I love the Times’ mini crossword puzzles, and I love analyzing statistics, so I combined the two. See them here.
Not really sure why that one puzzle took over one hour and 15 minutes. I’d like to think that I fell asleep before finishing it and it kept counting, but then it really should be four or eight hours.
James Barron profiles Nina Rochelle for the Times’ Grace Notes column.
Ms. Rochelle never lost a coat. But she had one close call, when she worked at Sfuzzi, a rather loud cafe that opened on West 65th Street near Lincoln Center in the 1980s and, like Hawaii Kai, has long since closed. The mix-up came at the end of a long evening, and involved a regular customer, his nephew and their coats, which looked alike.
“We finally figured out the uncle showed up with the nephew’s coat,” Ms. Rochelle said. “The switch was made by them, right? Not by me. But they delayed my getting out of there when the uncle said, ‘This is not my coat.’ No, it’s not, it’s your nephew’s coat, but I didn’t realize that. The nephew had already left. I don’t remember whether the nephew called and said, ‘You’ve got my coat and I’ve got yours,’ but it was resolved in my favor.”
She seems to really like purple.
Astronomers from Texas State University and Iowa State University analyzed the iconic V-J Day in Times Square and pinpointed the exact time the photo was taken.
“Every tall building in Manhattan acts like the gnomon of a sundial,” the authors explain in the article.
By working out what structure caused the shadow, the scientists could compute the sun’s position, and thus the time the photo was taken. With a topographical analysis of Manhattan’s layout at the time, they concluded that the shadow was cast by a sign atop the Hotel Astor and across the intersection from the Loew’s Building.
I like to imagine that the astronomers were wearing a deerstalker and smoking a pipe while working this out.
Lens, the NY Times photo blog, brings us the final days of The Subway Inn by Timothy Fadek:
“This is representative of everything that depresses me about New York City,” Mr. Fadek said. “The loss of Times Square, all the great bars, CBGB’s, independent diners. All gone and replaced by chains.”
I used to live not far from The Subway Inn, and it’s neon sign was welcoming when coming out of the subway late at night.
The Times tackles the important question of why using a treadmill seems more difficult than exercising outdoors or on a track:
In a 2012 experiment, runners were asked to jog on a track while rating how difficult the exercise felt. Then they hopped on treadmills without speed displays and were told to set the machine to a pace that felt the same as what they had just run. Almost all chose a speed that was much slower. On the treadmill, this gentle pace felt as difficult as swifter running on the track.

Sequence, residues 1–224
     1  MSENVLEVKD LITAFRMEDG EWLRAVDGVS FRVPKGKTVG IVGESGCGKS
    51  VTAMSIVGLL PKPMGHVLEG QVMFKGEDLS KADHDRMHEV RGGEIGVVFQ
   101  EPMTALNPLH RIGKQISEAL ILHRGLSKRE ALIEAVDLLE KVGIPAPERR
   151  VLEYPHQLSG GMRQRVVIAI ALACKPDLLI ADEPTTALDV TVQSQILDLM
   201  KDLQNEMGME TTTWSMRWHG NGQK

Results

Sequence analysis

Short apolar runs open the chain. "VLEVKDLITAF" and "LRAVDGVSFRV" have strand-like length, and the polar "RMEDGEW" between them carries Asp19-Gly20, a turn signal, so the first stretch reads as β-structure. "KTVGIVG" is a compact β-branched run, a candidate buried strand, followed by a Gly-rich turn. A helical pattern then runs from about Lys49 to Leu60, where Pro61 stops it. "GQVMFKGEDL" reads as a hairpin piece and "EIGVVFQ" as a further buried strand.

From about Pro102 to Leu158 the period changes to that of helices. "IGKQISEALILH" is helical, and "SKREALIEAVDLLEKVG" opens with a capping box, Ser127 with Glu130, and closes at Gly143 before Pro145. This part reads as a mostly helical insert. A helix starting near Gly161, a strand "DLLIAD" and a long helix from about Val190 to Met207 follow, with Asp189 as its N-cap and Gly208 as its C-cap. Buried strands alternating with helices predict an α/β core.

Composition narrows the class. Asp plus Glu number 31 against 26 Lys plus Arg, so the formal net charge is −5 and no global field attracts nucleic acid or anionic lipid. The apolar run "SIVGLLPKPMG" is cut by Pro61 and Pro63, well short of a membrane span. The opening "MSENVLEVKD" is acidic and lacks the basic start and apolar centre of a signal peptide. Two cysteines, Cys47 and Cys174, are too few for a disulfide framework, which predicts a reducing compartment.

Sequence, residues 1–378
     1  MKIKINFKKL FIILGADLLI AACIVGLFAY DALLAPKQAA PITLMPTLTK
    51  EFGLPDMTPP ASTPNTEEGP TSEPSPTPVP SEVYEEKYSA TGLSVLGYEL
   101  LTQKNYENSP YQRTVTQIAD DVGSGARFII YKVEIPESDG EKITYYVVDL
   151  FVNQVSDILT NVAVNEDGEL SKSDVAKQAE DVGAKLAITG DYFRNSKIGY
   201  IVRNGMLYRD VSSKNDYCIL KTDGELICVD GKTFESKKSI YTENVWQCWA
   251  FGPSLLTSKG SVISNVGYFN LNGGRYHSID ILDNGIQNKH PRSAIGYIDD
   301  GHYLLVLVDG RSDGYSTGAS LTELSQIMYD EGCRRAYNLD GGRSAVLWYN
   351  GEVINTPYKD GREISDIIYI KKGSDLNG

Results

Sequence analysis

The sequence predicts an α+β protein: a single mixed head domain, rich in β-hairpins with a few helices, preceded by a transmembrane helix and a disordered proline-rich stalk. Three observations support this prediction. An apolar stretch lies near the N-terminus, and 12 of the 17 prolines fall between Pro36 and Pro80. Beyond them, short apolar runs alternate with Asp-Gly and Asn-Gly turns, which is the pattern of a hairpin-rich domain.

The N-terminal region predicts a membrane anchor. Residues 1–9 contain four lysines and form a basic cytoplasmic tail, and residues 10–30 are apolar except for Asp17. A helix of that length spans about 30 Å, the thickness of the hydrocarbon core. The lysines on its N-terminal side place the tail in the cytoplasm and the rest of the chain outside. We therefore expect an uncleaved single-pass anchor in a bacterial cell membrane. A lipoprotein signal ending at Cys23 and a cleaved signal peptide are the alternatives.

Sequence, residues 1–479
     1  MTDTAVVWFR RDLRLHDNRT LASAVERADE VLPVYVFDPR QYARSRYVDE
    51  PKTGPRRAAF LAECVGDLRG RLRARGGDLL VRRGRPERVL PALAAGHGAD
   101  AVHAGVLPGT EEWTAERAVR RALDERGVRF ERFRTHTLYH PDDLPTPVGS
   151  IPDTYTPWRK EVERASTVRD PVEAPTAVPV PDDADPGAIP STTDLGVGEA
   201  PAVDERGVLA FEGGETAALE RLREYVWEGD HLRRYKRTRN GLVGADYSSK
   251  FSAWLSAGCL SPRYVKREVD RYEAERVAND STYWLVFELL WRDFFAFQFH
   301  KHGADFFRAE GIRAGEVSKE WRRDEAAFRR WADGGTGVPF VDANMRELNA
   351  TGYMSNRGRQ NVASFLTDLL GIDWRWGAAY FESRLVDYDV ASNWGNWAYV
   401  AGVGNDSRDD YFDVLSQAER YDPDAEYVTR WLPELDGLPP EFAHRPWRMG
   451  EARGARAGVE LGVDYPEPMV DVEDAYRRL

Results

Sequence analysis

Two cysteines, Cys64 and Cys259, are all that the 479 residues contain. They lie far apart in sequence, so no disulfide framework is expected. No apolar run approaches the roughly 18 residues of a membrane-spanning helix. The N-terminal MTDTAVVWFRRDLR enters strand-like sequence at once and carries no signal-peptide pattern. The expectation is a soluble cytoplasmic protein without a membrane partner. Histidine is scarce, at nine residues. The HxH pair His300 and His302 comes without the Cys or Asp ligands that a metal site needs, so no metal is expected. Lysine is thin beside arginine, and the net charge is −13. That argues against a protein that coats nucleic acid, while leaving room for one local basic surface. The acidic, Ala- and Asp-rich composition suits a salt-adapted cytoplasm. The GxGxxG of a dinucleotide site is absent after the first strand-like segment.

For me, it’s the combination of having the same scenery and the lack of a finish line that makes it so tedious. It feels like work.
The NY Times, having finally given up on the Knicks, asked its readers to suggest better basketball for their Knicks beat reporter:
So the Sports department’s editors feel it is only merciful to give our Knicks beat writer, Scott Cacciola, a break from such woeful basketball. He deserves to see the game played at a higher level. For the next month or so, we would like to point him to some good, quality basketball, wherever it may be. Any suggestions?
Why only a month or so? It’s going to take years to fix this mess.
Coming off Madison Bumgarner’s impressive complete game shutout on Sunday night, the Times looks at the best World Series pitchers.
Bumgarner now holds the record for lowest career earned run average (0.29) in the World Series among pitchers with at least 30 innings pitched. The mark is impressive by any standard. But don’t make the mistake of thinking that Bumgarner is the best World Series pitcher ever.
That distinction belongs to Christy Mathewson, who also did his pitching for the Giants (when they were in New York). It’s not even close, either.
Don Larson, who pitched the only perfect game in World Series history, didn’t even make the list. Who’s that Babe Ruth guy?
The Times attempts to calculate the total number of swings that Derek Jeter has taken in his entire baseball career.
Need a rest from all these swings? So did Jeter. He took Novembers and Decembers off, and he never practiced at home. “You would have a hard time finding a baseball at my house besides one that’s got writing on it,” he said.
I absolutely love the way the Times presented this.
The Times profiles Hyman Strachman, a WWII veteran who, at 92, copies bootlegged movies and sends them to troops overseas:
Originally, Mr. Strachman would use his desktop computer to copy the movies one tedious disc at a time. (“It was moyda,” he groaned.) So he got his hands on a $400 professional duplicator that made seven copies at once, grew his fingernails long to better separate the blank discs, and began copying hundreds a day.
In February, Mr. Strachman duplicated and shipped 1,100 movies. (“A slow month,” he said.) He has not kept an official count but estimates that he topped 80,000 discs a year during his heyday in 2007 and 2008, making his total more than 300,000 since he began in 2004. Postage of about $11 a box, and the blank discs themselves, would suggest a personal outlay of over $30,000.
Let’s hope that the MPAA and studios leave this guy alone.
The Times looks at how many people Manhattan could hold:
The night’s calculations revealed that packing Manhattan as tightly as Kowloon Walled City, river to river, would mean jamming in 65 million people. That’s if every surface was built on. If the current streets and parks were left intact? About half that many, or nearly the population of California.
While that may not be ideal, expanding Manhattan by a mile might be.